Friday, October 11, 2013

Matheny Wins by Putting Others First

Imagine you are new to a job in which you have a leadership role, and you immediately face the following challenges:
  • Your predecessor is widely considered a legend in the industry
  • Your company has just completed a stellar year- is there anywhere else to go but down?
  • Your best employee leaves the organization as you arrive
On top of these challenges, this is the first time you have held a leadership position this high in an organization.

This string of challenges might make for entertaining lyrics to a country music song, but they also are the reality that Mike Matheny faced when he was named manager of the St. Louis Cardinals in late 2011. To recap the environment around him upon being named manager:
  • Matheny replaced Tony LaRussa, a beloved manager who had led the Cardinals to two World Series titles.
  • The Cardinals had just beaten the Texas Rangers to win the 2011 World Series. No team has repeated as champions since the New York Yankees won three titles in row between 1998 and 2000. 
  • Cardinals slugger Albert Pujols, also a beloved figure in St. Louis and the team's best player for a decade, left for the Los Angeles Angels.
The stage was set for Mike Matheny to fail, so it seemed. But, the team the Cardinals are in the National League Championship Series for the second straight year with Matheny at the helm. 

A Servant Leader
Mike Matheny makes clear the reason he has enjoyed success as a Major League manager: The practice of servant leadership. After his playing days as a catcher, Matheny learned about a practice known as servant leadership. Rather than leading by exerting authority, a servant leader puts other people's interests ahead of his or her own. Matheny's style is to build rapport with players from top stars down to minor leaguers vying for a spot on the Cardinals roster. He instills confidence in young players and reassures players that are struggling to play to their potential. Matheny advocates servant leadership because it "makes other people better. When you make other people better, and you set your mind on how to focus on someone outside yourself, you create something pretty special."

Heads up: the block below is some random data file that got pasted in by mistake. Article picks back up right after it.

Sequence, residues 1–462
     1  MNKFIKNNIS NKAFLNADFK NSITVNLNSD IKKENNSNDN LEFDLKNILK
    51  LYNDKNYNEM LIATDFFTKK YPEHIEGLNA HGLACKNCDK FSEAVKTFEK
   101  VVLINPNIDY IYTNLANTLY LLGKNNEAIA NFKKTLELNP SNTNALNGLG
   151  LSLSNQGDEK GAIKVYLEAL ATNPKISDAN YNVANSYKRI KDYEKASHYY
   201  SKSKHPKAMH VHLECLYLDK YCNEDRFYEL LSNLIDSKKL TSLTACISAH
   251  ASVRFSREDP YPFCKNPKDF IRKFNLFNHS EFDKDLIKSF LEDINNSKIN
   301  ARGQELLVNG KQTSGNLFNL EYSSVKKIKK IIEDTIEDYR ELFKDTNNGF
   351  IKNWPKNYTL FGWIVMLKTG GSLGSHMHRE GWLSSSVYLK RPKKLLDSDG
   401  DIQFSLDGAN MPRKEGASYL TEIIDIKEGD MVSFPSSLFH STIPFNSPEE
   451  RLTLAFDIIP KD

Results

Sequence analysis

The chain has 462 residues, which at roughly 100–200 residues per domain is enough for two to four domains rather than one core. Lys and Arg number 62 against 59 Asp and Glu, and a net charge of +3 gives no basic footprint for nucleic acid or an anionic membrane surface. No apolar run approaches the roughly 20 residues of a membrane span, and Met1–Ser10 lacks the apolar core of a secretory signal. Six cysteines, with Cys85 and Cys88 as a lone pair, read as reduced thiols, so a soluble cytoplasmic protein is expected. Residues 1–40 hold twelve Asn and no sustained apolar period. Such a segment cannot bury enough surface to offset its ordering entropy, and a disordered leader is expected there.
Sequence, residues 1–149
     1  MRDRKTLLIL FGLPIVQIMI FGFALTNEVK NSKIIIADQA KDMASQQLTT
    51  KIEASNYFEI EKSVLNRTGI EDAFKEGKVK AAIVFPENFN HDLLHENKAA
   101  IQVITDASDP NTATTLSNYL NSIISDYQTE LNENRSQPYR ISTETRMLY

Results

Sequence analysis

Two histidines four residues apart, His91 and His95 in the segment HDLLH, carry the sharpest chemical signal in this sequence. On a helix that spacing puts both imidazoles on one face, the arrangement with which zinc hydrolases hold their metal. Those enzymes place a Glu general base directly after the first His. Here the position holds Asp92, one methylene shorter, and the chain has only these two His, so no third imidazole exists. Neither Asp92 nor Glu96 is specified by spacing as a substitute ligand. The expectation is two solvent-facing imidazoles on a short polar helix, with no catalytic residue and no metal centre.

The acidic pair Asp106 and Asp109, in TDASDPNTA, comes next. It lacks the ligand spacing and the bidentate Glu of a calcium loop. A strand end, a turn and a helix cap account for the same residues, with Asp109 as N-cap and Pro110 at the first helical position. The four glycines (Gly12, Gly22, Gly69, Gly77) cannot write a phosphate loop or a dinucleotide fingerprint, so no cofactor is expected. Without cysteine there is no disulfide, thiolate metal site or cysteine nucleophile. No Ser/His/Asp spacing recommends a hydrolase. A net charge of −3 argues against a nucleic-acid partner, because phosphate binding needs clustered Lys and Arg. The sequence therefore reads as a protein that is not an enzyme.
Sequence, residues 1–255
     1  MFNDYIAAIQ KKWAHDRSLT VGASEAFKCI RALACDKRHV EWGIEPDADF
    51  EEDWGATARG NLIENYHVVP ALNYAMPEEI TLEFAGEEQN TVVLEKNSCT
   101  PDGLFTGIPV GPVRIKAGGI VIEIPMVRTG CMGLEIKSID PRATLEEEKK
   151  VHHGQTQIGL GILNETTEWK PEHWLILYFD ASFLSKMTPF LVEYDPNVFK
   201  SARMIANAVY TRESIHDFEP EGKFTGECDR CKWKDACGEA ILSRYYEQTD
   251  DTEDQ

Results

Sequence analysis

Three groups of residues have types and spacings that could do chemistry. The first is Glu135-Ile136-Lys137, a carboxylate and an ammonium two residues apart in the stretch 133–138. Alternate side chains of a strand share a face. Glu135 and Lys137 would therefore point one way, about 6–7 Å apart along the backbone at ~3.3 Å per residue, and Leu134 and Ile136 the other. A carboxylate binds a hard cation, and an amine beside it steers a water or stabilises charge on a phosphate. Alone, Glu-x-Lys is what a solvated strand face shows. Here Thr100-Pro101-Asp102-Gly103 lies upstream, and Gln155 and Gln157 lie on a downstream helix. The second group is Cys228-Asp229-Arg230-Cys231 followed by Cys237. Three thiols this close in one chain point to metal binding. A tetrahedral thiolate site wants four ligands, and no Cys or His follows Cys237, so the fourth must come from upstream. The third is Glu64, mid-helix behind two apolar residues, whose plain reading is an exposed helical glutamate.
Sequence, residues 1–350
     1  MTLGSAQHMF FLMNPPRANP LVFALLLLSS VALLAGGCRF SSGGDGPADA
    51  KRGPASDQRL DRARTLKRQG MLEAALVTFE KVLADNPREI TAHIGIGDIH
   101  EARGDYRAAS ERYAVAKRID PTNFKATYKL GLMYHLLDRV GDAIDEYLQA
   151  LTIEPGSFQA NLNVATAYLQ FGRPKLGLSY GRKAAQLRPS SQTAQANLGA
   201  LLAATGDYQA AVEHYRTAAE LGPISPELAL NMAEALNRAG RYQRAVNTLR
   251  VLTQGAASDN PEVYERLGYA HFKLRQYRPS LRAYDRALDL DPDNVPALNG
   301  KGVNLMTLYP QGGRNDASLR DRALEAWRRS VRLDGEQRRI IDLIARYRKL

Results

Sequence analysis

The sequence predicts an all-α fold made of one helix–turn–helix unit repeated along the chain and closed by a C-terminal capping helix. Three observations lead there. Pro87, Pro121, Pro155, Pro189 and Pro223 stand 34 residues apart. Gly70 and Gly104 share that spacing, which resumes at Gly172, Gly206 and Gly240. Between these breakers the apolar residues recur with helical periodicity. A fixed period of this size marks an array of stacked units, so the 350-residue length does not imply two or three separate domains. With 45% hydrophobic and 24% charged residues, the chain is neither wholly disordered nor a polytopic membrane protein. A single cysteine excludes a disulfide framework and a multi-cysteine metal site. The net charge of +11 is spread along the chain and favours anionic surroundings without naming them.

Can You Win by Being Last?
On the surface, servant leadership seems to go against most of the advice given to advance one's career- "look out for number one" and "build your personal brand" suggest a focus on ourselves, not others. Notice what servant leadership is not- it is not about letting others use you and your talents at your expense. Instead, servant leadership advances the interests of a group, team, or organization by empowering individuals. You win when the group wins. There is no doubt who is in charge of the St. Louis Cardinals. Mike Matheny has created a culture not based on traditional top-down managing but rather a mindset that individual players are valued contributors to the team's success. Matheny has proven that you can be first (literally) by putting the interests and needs of others ahead of your own.

MLB.com - Matheny's selfless approach a perfect fit for Cardinals

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